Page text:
(Many thanks to Pete Varnham for the stunning photographs of the cream spot tiger moth!)
In June, the Butterfly Conservation teamed up with You Gov to ask the public what they thought about moths. The results showed that there are a lot of myths and misconceptions bandied about.
The survey found that almost three-quarters of the people surveyed have some negative opinion of moths. Many people believe the majority eat clothes, 17% of respondents describe moths as ugly and 12% believe they are scary. Fewer than a third of all the people surveyed believe moths are important (21%) and interesting (29%).
Butterfly Conservation are on a mission to dispel those moth myths and demonstrate just how marvellous the UK’s moths really are! In fact, far from being pests, the vast majority of moths play vital roles in the food chain and as pollinators. find out more here
Moths are fascinating, but a lot harder to identify than butterflies. There are just so many different ones, and so many that are tiny and hard to see, let alone identify.
One sunny day a while back I thought I’d found a grizzled skipper butterfly up on Malling Down. Looking more closely at the photograph this actually turned out to be a moth. The Mother Skipton moth (named after a 16th century Yorkshire witch) has wing markings that look do resemble the face of a witch!
Some moths do fly during the day. The six spot burnet moth is one of the most common. It’s often spotted flitting like a miniature red helicopter over downland such as Seaford Head. You may even spot one emerging from its papery cocoon on a stalk of grass.
Many moths only fly at night. You can attract night flying moths into your garden by growing night scented flowers, such as nicotiana, jasmine, sweet rocket and honeysuckle.
The best way to see night flying moths is setting a moth trap. Sussex Wildlife Trust did this at a local Open Garden and among the moths caught was the buff tip moth, which looks exactly like a twig! Spot the moth in this picture
We are lucky in the Greenhavens area to have some expert naturalists, who can help identify the species found in our green spaces.
Castle Hill Nature Reserve in Newhaven is managed by The Castle Hill Group of volunteers, who recently celebrated their twentieth anniversary. This award winning group protects and cares for the reserve, working closely with the council’s nature reserve team. Their work includes surveying and recording the wildlife, restoring and creating habitats, maintaining footpaths, and running wildlife events and celebrations.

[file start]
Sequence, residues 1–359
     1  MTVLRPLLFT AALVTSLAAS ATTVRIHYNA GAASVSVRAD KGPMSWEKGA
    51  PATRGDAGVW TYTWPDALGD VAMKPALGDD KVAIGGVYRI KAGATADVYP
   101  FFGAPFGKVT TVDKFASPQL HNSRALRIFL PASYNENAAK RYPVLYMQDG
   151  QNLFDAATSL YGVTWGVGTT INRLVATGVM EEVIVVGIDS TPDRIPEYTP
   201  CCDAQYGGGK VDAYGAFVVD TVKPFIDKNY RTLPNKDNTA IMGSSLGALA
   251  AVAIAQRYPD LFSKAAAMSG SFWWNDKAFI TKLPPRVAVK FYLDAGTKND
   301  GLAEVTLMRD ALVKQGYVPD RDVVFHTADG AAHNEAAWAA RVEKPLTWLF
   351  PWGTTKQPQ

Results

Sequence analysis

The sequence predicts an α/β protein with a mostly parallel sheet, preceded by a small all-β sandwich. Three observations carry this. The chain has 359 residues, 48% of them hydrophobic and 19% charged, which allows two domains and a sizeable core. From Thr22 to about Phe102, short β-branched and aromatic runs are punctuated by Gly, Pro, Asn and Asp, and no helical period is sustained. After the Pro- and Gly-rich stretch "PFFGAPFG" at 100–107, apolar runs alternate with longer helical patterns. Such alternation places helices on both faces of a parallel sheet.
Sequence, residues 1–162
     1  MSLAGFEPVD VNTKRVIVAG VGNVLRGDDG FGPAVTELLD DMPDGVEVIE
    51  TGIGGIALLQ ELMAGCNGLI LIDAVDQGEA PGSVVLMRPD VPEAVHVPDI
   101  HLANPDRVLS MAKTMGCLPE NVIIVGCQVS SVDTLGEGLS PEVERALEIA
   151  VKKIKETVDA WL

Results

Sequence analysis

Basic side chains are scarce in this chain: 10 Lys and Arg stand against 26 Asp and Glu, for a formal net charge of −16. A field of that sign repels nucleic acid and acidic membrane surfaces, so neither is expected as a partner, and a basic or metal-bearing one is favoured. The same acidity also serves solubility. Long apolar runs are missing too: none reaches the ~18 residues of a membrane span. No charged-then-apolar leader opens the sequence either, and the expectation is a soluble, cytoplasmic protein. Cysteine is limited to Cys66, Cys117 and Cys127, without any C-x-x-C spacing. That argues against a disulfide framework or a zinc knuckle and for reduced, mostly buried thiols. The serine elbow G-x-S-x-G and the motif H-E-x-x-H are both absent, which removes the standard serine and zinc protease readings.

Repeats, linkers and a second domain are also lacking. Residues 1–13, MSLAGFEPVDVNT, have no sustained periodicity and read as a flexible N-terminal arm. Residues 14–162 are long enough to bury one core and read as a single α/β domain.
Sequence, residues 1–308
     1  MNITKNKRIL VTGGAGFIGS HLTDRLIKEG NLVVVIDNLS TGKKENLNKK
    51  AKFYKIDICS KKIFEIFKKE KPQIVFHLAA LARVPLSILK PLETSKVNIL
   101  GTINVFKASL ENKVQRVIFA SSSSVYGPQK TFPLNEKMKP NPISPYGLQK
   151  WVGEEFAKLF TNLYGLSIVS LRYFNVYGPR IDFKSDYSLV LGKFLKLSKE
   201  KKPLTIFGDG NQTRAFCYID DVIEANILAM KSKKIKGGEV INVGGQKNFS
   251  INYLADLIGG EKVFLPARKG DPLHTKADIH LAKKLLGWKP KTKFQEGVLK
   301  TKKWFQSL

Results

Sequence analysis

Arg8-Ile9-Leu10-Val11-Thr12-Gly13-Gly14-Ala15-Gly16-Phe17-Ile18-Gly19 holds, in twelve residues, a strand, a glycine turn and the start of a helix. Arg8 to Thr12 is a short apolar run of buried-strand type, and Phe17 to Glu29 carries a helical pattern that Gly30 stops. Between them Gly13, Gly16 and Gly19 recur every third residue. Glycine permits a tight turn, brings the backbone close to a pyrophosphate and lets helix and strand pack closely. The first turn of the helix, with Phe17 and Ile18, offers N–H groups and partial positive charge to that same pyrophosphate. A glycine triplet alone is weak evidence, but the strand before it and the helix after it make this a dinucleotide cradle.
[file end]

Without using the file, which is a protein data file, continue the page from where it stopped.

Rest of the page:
Castle Hill is a favourite local green space, with a variety of habitats including chalk cliffs and grassland, mixed scrub, ponds and woodland. Greenhavens popped along to see what was going on. There was a fine display of celebratory cake, information and guided walks all on offer.
Steve Teale is the resident moth expert and was busy opening a large moth trap and telling an avid crowd of all ages, about the variety of moths that can be found here, and interesting details about their life-cycle. From tiny micro moths, to big colourful moths like the Jersey Tiger moth, it was a fascinating to see and learn more about these moths, that we would be unlikely to see otherwise.
Castle Hill Group have monthly meetings on the first Sunday of the month, where you can help to maintain this beautiful reserve. They also do regular counts of the flora and fauna found here. Do get in touch with them, if you’d like to help out, or learn more about what they do.
Moths found by the group recently included:
May: Yellow Shell, Burnet Companion, Mint Moth, Brown – Tailed caterpillars, Scoparia pyralella, Elbow Stripe, Grass Veneer
Have you seen any moths? Maybe you could help with the mission to debunk those moth myths and let people know more about the fascinating world of moths.
Do let us know what you’ve spotted, and send us your photographs!